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Did you see my post above yours? I don’t think Facebook has to open their platform in the sense that any code has to be opensourced (which is a typical meaning of the phrase), only that they must serve their users to other providers as well as accept other users from different providers. I agree that the web overall in the way that a browser can serve up any website is a good example.

One more thing that should be mandated that I didn’t mention - all providers must make it easy to transfer your content from one provider to another and then delete all your content. A whole lot of reform on privacy and simplified common user agreement language is needed as well.

A single package containing dental floss arrives for my roomate sometimes.
Yesterday was two large bottles of taco seasoning.

Which are also available at the grocery door less than a thousand feet from his apartment complex attendance.


The greater problems posed by Amazon are 1) its ability to bankrupt local retail - bookstores, electronics, household goods, apparel, even grocery stores, and 2) the excessive amount of fuel/energy required plus the air pollution and traffic generated to distribute via individual delivery cars and vans. I did a study a few years back on this same effect with Costco, another Seattle-based evil corporation. If Costco were to become wholesalers, they’d operate a small fleet of vans and distribute the same goods to the same customers who’d reduce fuel/energy consumption overall more than half by driving shorter distances to local retailers. So too, Amazon and other home delivery services increase fuel/energy consumption and global warming gas emissions. Never buy anything on Amazon. The money you’re supposedly saving is a knife in your back.


Here’s a funny example: The suburban city of Tigard Oregon is touting a new development - the Tigard Triangle - as a walkable, mixed-use, high-end neighborhood with great amenities amidst natural settings. Most of this ‘triangle’ which lies between 3 crossing freeways (I-5, 99E, Hwy 217) is fully developed and mostly commercial. There’s actually only about 8 acres of developable blocks. There’s another 8 acres or so of remnant forest along a mostly culverted stream considered “underdeveloped” and likely to be cleared. The first approved project is a pair of 4-story apartment blocks, maybe 120 studio and 1-bedroom. These will overlook the vast parking lots of a Costco, a Walmart Supercenter, a Winco Foods, a Regal Cinema multiplex, a Lowe’s Home Improvement, a Babies R Us, other big box stores and a fire department. On the opposite side of this cluster of developable blocks is a huge Ford dealership and block after block of commercial businesses and apartments. This is not high-end development at all. Tigard City Hall is LYING to attract developers and clueless property speculators. What is probably planned for the Tigard Triangle is low-income rentals for delivery drivers! Great freeway access! Convenient fire department! Lovely creek facing a U-Haul moving and storage lot, etc. It’s absurd what these developers will say to make a sale. Portland is actually in trouble. I’m blaming Mayor Ted Wheeler for his deceitful BS campaign to act like he cares. He likes to do photo ops with children, but on the street he’s often seen entertaining realtors and speculators.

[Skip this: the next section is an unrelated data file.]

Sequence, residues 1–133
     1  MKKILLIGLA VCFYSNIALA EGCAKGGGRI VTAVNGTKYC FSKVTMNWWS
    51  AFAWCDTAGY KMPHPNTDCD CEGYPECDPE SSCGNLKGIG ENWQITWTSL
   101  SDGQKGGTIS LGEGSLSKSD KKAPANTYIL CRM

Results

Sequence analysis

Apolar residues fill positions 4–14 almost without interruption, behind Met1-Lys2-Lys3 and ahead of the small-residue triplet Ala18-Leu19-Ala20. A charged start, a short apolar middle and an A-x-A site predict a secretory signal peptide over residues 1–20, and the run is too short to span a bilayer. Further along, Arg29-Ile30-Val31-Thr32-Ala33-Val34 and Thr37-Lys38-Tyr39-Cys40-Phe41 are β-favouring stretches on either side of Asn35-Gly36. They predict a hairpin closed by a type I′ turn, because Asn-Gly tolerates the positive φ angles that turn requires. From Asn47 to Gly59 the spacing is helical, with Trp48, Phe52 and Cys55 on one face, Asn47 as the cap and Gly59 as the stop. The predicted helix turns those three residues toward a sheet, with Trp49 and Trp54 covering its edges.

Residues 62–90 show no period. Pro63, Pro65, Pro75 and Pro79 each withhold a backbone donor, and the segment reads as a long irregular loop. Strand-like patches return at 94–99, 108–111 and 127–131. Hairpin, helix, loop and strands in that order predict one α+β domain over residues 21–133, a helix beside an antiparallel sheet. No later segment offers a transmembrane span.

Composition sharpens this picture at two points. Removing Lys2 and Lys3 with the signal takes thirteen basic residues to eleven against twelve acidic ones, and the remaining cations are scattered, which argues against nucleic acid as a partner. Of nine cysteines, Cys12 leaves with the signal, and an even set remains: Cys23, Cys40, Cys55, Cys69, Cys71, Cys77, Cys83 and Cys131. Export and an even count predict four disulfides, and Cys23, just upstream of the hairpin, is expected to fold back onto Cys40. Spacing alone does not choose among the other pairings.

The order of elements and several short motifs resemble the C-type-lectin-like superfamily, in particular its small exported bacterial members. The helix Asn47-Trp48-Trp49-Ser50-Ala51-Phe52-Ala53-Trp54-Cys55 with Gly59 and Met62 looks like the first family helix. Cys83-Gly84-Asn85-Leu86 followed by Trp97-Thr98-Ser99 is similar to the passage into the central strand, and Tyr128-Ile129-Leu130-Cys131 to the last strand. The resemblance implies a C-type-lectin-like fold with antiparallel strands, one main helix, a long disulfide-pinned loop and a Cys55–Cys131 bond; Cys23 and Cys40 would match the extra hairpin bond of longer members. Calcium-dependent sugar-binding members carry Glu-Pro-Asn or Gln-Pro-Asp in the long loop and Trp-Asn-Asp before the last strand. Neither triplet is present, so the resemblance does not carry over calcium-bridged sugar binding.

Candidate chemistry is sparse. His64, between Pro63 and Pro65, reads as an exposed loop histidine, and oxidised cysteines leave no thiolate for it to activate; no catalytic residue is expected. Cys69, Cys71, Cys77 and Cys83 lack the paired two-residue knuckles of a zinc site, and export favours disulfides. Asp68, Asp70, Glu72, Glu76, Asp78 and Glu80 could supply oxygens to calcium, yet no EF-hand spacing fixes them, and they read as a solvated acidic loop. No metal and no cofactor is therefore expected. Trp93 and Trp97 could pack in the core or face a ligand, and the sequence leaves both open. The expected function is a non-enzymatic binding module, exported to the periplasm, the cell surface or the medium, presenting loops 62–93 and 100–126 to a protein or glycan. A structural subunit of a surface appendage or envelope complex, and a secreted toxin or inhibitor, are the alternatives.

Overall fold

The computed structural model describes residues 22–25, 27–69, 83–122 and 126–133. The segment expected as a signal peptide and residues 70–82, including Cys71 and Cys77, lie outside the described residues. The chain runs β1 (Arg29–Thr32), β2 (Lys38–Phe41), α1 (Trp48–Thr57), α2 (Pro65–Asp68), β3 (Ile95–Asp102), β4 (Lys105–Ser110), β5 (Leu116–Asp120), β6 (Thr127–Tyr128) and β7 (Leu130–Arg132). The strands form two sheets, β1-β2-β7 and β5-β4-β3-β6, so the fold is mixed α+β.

In the case of Amazon, except for certain specialized hard to find items or obscure hobby items, we don’t need internet-based things like them at all, we need real main streets with real family owned stores run by real human beings.